# Pre Calculus 11 Week 11: Graphing Linear Inequalities in Two Variables

This week in week 11 we started Graphing Inequalities. The majority of this is related to our graphing from last year in grade 10 math.

Linear graphs are known as straight line graphs with the equation of y=mx +b.

m is the slope ( $\frac{rise}{run}$ )                                                                                                            b is the y intercept

For example: $y =\frac{1}{2}x + 6$ on a graph looks like:

Now when graphing inequalities you have to find a sign that will have a true statement after you have chosen a point on the graph to substitute x and y.

$\star$ Note that > and < are broken lines on the graph and $\underline{<}$ and $\underline{>}$ are solid lines like the above graph ( because it is equal to so it includes the line)

• $0 < \frac{1}{2}x + 6$ (greater than zero)
• $0 \underline{<} \frac{1}{2}x + 6$ (greater or equal to zero)
• $0 > \frac {1}{2}x + 6$ (less than zero)
• $0 \underline{>} \frac {1}{2}x + 6$ (less than or equal to zero)

Now to graph the inequality you have to choose a point on the graph that makes the expression true for example:

$y < \frac{1}{2}x + 6$

$\star$ to make things easy use (0,0) as the point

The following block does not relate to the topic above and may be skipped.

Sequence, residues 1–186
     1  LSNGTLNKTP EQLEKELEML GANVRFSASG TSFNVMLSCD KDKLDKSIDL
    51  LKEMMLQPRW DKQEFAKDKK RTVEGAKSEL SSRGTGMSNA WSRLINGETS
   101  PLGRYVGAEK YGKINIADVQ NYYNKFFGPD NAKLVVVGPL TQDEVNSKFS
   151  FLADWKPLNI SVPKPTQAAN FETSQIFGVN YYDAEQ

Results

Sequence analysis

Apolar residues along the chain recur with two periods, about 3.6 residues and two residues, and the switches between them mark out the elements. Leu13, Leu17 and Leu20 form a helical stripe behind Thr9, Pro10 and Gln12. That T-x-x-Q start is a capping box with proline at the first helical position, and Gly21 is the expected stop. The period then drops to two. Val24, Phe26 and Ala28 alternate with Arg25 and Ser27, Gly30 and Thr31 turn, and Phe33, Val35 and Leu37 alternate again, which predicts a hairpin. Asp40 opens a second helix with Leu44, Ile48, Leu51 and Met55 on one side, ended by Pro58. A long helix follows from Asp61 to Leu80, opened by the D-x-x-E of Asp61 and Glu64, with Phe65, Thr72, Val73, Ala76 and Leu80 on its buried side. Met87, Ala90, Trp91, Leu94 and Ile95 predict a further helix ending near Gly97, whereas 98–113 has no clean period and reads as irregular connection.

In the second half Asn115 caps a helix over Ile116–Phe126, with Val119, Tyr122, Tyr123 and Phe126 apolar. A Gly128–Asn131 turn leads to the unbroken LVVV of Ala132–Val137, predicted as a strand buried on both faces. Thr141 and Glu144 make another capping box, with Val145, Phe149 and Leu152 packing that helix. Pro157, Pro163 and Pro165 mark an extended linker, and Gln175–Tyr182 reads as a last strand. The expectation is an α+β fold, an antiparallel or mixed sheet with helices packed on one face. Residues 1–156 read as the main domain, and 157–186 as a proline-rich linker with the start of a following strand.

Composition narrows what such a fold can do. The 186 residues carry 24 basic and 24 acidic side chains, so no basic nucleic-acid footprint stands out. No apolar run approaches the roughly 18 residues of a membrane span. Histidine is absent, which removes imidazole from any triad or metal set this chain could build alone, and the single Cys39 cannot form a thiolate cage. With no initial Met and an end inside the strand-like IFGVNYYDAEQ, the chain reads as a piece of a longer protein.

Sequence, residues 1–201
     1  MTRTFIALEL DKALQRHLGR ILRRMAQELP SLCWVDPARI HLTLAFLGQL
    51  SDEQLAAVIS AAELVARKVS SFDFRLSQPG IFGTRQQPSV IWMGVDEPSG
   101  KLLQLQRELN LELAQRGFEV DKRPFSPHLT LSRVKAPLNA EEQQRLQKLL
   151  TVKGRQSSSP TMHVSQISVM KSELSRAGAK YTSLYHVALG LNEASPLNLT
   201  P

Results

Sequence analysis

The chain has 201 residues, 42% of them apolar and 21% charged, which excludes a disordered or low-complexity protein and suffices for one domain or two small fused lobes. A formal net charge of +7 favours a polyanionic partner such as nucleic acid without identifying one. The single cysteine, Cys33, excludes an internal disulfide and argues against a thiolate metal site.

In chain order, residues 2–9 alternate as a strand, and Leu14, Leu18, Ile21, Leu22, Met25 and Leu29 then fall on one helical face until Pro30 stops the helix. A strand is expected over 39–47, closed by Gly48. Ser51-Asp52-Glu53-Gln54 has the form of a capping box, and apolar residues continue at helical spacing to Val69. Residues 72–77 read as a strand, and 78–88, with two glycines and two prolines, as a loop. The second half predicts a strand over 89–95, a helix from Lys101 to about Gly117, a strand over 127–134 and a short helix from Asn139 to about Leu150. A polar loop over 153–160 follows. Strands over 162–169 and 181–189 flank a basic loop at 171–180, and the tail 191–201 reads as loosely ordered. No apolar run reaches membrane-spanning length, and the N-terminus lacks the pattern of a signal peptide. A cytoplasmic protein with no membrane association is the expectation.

•  $y < \frac{1}{2}x + 6$
•  $0 < \frac{1}{2}(0) + 6$
• $0 < 0 + 6$
• 0 < 6

This statement is true because 0 is smaller than 6. This means that the side that has the coordinate of (0,0) will be shaded in. This will also have a broken line because it is not equal to.

Now when we change the sign to greater to (>) it will flip because 0 would not be greater than 6

• $y > \frac{1}{2}x + 6$
•  $0 > \frac{1}{2}(0) + 6$
• $0 > 0 + 6$
• 0 > 6
• FALSE STATEMENT

If the sign was $\underline {>}$ or $\underline {<}$ the line would be solid.

You can also graph a parabola

example: $y = x^2 + 4x + 2$

Step one: Graph the parabola by putting it into standard form.

• $y = x^2 + 4x + 2$
• $y =\underbrace{x^2 + 4x + 4} - 4 + 2$
• $y = (x + 2)^2 -4 + 2$
• $y = (x + 2)^2 -2$

Graph it from here.

Step two: chose a point on the graph and make a true statement.

• $y \underline{<} x^2+4x+2$
• $0 \underline{<} 0 + 0 +2$
• $0 \underline{<} 2$
• TRUE STATEMENT, 0 is smaller than two

The side with (0,0) as a coordinate will be shaded in and the line will be solid because it is equal to.

Now if the sign was change the inside of the parabola would be shaded in.

This is how to graph inequalities with linear equations as well as quadratic equations.

# Pre Calculus 11 Week 10: Reviewing Factoring with Substitution

Last week in Pre Calculus 11 we mostly reviewed for our midterm exam. As I was studying I came across a few things that I totally forgot about. Things that would help make my math life easier, like how to use substitution when factoring. This is helpful because it is simple, faster, and not as messy as factoring without this trick. I will quickly review how to do this.

Example: $3(2x-1)^2 + 14(2x-1) + 8$

Step 1: Substitute (2x-1) with a variable.

$\star$ Notice that there are two (2x-1), therefore you can use the same variable for both terms.

• $3a^2 + 14a + 8$

Step 2: Factor$3a^2 + 14a + 8$

• (3a + 2) (a + 4)

Step 3: Substitute (2x – 1) back into the factored form to replace the variable a.

• (3a + 2) (a + 4)
• (3(2x -1) + 2) ((2x-1)+ 4

Step 4: Distribute

• (3(2x -1) + 2) ((2x-1)+ 4
• (6x-3 +2)(2x-1+4)

Step 5: Simplify

• (6x-3 +2)(2x-1+4)
• (6x-1)(2x+3)

6x-1=0 –> 6x=1 –> $x=\frac{1}{6}$
2x + 3=0 –>2x=-3 –> $x =- \frac{3}{2}$